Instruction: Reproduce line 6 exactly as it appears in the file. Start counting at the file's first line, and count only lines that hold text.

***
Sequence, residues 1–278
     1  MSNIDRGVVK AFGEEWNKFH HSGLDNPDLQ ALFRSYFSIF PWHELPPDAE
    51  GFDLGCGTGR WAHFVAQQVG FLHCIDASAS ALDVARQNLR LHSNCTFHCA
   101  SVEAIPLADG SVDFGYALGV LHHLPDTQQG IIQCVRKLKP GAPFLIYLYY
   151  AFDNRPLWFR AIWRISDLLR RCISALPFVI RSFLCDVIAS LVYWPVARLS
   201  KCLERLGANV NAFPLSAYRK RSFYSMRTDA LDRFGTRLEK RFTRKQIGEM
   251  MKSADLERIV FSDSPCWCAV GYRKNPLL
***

   201  KCLERLGANV NAFPLSAYRK RSFYSMRTDA LDRFGTRLEK RFTRKQIGEM